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Timeline of a virus: The day-to-day journey of Covid-19

A research assistant holds coronavirus test samples in her hands.
A research assistant holds coronavirus test samples in her hands.

Coronavirus symptoms can vary in severity from feeling like a mild cold or flu to severe illness and death.

The virus first hit Wuhan in China at the end of last year but has since spread to more than 1 million cases worldwide, with scientists working hard to track the typical symptoms and figure out the day-by-day breakdown.

It comes as the number of coronavirus in the UK has risen to 55,242 – up from 51,608 yesterday – with the death toll standing at 6,159.

Recent studies from the Chinese province, the epicentre of the coronavirus outbreak, found the two most common symptoms were fever and a dry cough.

Day 1

The symptoms usually start off mild with many patients experiencing a fever, dry cough, or occasional shortness of breath.

The study showed the most common symptoms at the onset of illness were fever (136 patients or 98.6%), dry cough (82 patients or 59.4%), muscle pain (48 patients or 34.8%) and shortness of breath (43 patients or 31.2%).

The research, which looked at the characteristics of 139 hospitalised patients with coronavirus-infected pneumonia in Wuhan, China, between January 1 to January 28, found that a total of  14 patients (10.1%) initially presented with diarrhoea and nausea one to two days prior to development of fever and shortness of breath.

Day 5

The team of researchers found that on average it took five days for people to develop signs of breathing difficulties from the date they first started to display symptoms.

Symptoms can include tightness in the chest, rapid, shallow breathing, heart palpitations and wheezing.

Day 7

For the majority of people, most symptoms will last for seven days, with the government stating in their guidelines that those suffering from either a dry cough or fever should self-isolate for a period of seven days.

However, if you live with other people, they will need to stay at home for 14 days from the start of your symptoms even if they don’t have symptoms themselves.

If they develop symptoms within the 14 days, they need to stay at home for seven days from the day their symptoms began.

They should do this even if it takes them over the 14-day isolation period.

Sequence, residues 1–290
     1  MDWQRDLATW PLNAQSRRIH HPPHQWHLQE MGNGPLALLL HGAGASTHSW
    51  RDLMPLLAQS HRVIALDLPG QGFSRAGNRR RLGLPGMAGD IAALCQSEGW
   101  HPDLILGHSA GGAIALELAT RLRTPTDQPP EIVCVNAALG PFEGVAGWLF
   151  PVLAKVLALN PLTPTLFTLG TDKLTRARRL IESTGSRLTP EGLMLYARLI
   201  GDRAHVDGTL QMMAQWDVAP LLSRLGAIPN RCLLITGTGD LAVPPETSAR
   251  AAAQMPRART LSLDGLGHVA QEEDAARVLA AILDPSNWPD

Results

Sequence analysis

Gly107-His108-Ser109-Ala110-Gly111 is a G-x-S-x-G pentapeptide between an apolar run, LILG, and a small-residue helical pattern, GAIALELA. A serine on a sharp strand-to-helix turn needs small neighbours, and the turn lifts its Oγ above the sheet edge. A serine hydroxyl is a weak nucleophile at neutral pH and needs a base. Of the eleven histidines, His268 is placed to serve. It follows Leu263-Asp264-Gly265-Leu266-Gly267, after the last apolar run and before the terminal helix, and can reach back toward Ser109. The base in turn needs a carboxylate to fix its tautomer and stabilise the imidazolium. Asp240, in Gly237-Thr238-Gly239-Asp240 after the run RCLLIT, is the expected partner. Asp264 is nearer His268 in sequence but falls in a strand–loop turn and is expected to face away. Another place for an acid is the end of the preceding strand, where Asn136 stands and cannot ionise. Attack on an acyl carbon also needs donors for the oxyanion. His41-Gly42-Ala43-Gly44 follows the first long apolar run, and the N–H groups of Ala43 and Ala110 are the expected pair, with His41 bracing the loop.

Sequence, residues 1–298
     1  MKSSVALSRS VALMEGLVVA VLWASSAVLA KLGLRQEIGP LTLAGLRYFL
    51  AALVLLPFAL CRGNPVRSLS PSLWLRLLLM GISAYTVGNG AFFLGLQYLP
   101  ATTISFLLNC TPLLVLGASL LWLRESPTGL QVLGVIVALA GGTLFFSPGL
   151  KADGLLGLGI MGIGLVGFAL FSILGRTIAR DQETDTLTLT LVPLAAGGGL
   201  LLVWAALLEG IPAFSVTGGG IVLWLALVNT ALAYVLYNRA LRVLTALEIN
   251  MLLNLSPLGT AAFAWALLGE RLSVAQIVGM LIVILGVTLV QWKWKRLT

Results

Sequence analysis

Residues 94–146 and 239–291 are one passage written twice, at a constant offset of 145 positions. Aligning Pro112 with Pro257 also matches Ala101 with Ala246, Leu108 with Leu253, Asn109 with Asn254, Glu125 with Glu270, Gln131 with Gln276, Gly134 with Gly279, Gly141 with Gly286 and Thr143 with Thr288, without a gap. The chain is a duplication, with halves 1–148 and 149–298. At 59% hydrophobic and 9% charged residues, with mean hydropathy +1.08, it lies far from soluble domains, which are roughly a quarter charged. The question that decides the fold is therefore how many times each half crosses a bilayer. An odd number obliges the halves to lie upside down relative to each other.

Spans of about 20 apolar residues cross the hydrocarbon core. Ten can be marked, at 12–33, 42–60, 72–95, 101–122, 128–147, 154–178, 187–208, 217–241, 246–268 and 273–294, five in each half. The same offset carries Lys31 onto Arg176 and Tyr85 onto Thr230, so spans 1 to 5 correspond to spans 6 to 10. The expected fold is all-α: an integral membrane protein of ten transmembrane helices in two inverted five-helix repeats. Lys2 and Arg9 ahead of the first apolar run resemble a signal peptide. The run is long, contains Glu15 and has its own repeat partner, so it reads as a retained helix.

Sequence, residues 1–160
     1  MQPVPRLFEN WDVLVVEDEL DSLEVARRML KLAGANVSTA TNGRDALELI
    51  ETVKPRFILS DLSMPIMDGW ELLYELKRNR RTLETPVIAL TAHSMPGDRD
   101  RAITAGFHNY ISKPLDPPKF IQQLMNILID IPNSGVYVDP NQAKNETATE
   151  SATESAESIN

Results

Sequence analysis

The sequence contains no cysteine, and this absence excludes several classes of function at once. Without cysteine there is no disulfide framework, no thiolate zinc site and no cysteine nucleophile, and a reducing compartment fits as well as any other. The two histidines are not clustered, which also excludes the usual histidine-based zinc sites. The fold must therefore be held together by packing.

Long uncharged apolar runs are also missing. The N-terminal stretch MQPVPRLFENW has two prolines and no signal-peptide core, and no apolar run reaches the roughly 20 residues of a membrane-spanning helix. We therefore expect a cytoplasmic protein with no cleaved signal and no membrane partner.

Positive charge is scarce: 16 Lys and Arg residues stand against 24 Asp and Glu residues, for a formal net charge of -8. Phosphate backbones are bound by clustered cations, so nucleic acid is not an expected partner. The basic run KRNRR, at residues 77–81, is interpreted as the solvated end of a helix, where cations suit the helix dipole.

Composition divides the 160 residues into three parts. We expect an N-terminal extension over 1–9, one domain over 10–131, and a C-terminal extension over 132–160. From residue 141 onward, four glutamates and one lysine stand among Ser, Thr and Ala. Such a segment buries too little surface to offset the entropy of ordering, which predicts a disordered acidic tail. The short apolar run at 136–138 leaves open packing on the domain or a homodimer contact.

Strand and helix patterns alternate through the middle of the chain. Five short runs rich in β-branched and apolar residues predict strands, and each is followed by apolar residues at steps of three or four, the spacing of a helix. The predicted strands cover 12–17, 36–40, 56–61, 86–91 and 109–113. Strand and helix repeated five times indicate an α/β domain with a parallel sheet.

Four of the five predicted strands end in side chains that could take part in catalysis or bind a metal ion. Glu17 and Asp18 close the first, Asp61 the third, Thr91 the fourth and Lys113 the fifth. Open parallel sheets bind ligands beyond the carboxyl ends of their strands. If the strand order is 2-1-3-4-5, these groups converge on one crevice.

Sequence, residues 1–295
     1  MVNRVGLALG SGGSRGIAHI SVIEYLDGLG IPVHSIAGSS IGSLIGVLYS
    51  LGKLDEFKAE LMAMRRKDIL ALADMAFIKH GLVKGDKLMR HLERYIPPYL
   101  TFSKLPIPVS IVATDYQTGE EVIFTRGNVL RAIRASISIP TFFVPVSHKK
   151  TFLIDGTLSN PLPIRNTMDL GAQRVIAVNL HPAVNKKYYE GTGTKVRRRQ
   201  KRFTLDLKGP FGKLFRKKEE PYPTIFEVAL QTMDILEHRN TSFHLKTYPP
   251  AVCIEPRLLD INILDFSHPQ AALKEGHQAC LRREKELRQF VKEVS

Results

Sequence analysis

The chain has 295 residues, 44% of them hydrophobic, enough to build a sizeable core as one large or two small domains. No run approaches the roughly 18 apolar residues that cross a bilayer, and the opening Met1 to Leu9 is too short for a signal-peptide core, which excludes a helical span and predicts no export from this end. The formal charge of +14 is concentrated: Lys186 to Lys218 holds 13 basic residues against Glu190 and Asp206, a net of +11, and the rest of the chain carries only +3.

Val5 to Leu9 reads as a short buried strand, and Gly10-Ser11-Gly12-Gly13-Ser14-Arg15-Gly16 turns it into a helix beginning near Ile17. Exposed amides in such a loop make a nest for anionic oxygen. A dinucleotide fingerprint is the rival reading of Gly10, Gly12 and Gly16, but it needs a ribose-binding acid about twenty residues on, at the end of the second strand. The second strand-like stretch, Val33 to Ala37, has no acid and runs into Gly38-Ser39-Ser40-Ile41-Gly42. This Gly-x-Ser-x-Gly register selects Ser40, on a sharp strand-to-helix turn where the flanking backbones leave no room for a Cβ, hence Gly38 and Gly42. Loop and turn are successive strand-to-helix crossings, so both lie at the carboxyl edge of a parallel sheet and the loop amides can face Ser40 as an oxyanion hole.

For those who don’t see their symptoms easing, they tend to be admitted to hospital on day seven.

Day 8

The study from Wuhan shows that severe cases tend to develop signs of acute respiratory distress (ARDS) at this point.

The NHS state this is a life-threatening condition where the lungs cannot provide the body’s vital organs with enough oxygen.

This occurs when the lungs become severely inflamed from an infection or injury. The inflammaton causes fluid from nearby blood vessels to leak into the tiny air sacs in the lungs, making breathing increasingly difficult.

Of the 138 hospitalised patients with coronavirus-infected pneumonia in Wuhan, 64 (46.4%) had one or more co-existing medical condtions.

The most common of these were hypertension (43 patients or 31.2%), diabetes (14 patients or 10.1%), cardiovascular disease (20 patients or 14.5%) and the state or presence of a malignant tumour (10 patients or 7.2%).

Day 10

Researchers in the study found the average time for ICU submission was 10 days – the same number of days in which Boris Johnson was in isolation before being admitted to the intensive care unit at St Thomas’ Hospital in Central London.

As of February 3, of the 138 patients included in this study, 26% required ICU care, 34.1% were discharged, six died (4.3%) and 61.6% remained hospitalised.

The average hospital stay was 10 days.

MHS Tayside lung disease expert Professor James Chalmers said the Prime Minister’s case was “very typical” of what he has been witnessing on wards in Dundee, with initially moderate symptoms, followed by a worsening of symptoms between seven to 10 days requiring hospitalisation.

 

18 days

Another Wuhan-based study, which looked at 191 patients with confirmed Covid-19, who were discharged or who had died by January 31, found the average time from illness onset to discharge was 22 days, whereas the average time to death was 18.5 days.

That same body of research found the average time for emitting the virus among survivors was 20 days, with a maximum time of 37 days.


Expert view: Professor James Chalmers

In an online video for NHS Tayside, Professor James Chalmers, consultant respiratory physician at the health board and chair of respiratory research at the British Lung Foundation, said clinicians now know that more than 50% of people who get the virus will experience no symptoms.

He added that the “vast majority” experience just cold and flu-like symptoms that last for about seven days.

He added: “A very much smaller proportion experience more difficult symptoms and that’s overwhelmingly people who are older and have underlying health conditions like heart disease and lung disease.

“The risk of experiencing complications from this condition is actually very low.

“We now estimate it’s a little bit worse than the flu but not dramatically worse than the flu.

“What’s really important is that risk is much higher than people who are older and have underlying conditions so we need to follow the social distancing guidelines.

“We need to keep away from each other and stay at home as much as possible. Not really for ourselves to protect the rest of society and in particular the vulnerable in society.”

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